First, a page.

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Group Survival

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Group Survival Empty Group Survival

Post by wannabemountainman on Thu 19 Apr 2012, 14:48

Riverwalker’s Rule of Three for Group Survival

We all like to think of
ourselves as being self-reliant enough to handle a crisis. This “macho”
attitude can get you into serious trouble. There are many situations during a
crisis where you are going to need assistance and going it alone can be a
dangerous practice. There’s an old saying that two heads are better than one.
If you have three, you will be in an even better position to survive.

At a minimum, you should
have three persons in your group to give you the best possible circumstances in
which to handle a crisis or a survival situation.

Riverwalker’s Rule
of Three for Group Survival - The Major Factors

1. The first major
factor that can affect your survival is an injury or an illness.

If you are alone and
injured, you may have created one of the worst possible scenarios for a
survival situation. Using the Rule of Three for Group Survival can help you
effectively solve this problem. If one person becomes sick or injured, the
second one can see to their needs while the third one seeks help. Two people
can also make a litter to carry the injured person if necessary to vacate the
area for safety reasons.

2. The second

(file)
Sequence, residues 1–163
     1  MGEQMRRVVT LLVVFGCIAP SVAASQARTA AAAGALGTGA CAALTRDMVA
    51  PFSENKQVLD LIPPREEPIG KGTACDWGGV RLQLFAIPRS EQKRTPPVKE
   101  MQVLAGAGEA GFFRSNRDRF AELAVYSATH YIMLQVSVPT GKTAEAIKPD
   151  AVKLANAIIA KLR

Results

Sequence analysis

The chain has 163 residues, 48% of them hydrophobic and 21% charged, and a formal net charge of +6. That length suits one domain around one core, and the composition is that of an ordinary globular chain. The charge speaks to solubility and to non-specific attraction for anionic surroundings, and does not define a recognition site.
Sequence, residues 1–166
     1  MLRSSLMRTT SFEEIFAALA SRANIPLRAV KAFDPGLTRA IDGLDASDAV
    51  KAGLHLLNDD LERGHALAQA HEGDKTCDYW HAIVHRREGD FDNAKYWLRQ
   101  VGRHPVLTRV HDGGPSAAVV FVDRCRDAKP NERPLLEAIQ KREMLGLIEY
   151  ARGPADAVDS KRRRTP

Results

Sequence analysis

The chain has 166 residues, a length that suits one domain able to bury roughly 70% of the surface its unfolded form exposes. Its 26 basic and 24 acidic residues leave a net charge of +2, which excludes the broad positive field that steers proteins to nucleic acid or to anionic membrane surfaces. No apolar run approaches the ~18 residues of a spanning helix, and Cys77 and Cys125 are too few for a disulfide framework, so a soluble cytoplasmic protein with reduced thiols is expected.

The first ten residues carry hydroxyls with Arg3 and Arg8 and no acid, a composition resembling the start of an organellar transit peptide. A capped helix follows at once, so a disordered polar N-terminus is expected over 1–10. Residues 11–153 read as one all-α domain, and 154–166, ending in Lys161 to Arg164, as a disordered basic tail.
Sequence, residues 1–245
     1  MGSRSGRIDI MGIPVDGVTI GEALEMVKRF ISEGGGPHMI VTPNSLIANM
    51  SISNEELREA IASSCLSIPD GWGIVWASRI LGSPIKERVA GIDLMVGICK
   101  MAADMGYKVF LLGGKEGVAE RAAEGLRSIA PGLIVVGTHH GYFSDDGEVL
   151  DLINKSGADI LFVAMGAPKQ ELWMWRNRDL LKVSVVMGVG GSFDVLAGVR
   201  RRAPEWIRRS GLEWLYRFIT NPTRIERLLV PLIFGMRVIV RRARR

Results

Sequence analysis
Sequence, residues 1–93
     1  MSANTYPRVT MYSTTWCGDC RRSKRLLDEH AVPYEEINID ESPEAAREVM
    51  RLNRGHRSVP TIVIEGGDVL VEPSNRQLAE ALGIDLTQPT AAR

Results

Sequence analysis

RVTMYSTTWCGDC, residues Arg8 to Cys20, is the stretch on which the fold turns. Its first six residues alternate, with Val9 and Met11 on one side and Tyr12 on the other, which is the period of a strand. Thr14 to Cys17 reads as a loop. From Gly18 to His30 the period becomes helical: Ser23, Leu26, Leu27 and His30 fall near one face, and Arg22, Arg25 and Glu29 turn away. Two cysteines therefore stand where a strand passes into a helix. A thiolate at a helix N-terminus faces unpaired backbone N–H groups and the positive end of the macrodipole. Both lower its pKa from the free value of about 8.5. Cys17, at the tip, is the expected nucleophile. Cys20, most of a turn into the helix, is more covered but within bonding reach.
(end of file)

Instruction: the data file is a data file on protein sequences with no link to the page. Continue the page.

major factor that can affect your survival is security.

If you find yourself alone
and you have a need to create a secured area or perimeter, you are going to
experience a lot of difficulties and problems. Using the Rule of Three for
Group Survival will make it a lot easier to maintain your security. You also
won’t have to worry about how you are going to stay awake for the duration.
Having three in your group will give others a chance to rest for short periods
and this will help to maintain levels of alertness of everyone in the group.

3. The third major
factor is creating or finding adequate shelter.

You may not always have the
luxury of time in a crisis. In fact, the opposite is more likely to occur.
Three persons can find the resources quicker and assemble adequate shelter in a
faster and more effective manner. Sometimes it simply needs an extra pair of
hands to help hold something in place while it’s secured.

4. The fourth
major factor is the need for fire, water and food.

Since time will always be a
critical factor in a crisis, you can use the division of labor to your advantage.
Using the Rule of Three for Group Survival, one person can seek a water source,
the second person can look for food and the third person can work at building a
fire.  This will save time and increase
your chances of fulfilling your immediate needs.

5. The fifth major
factor will be the lack of individual skills.

Although there are
exceptions, there are very few individuals that have the complete set of skills
that may be required in a survival situation. Your skill levels will probably
excel in certain areas but not all. If you have any areas of weakness in your
skills, you are going to find out quickly how much that can affect your
survival. Using the Rule of Three for Group Survival will give you a larger
pool of resources when the need for essential survival skills may be critical.

When possible, it is always
best to use strength in numbers as an effective strategy for survival.

Your Bic Lighter and your pocket knife...Don't leave home without 'em!

“Learning is not compulsory. Neither is survival.” W. Edwards Deming

Posts : 433
Join date : 2009-07-12
Age : 71
Location : M'boro UK


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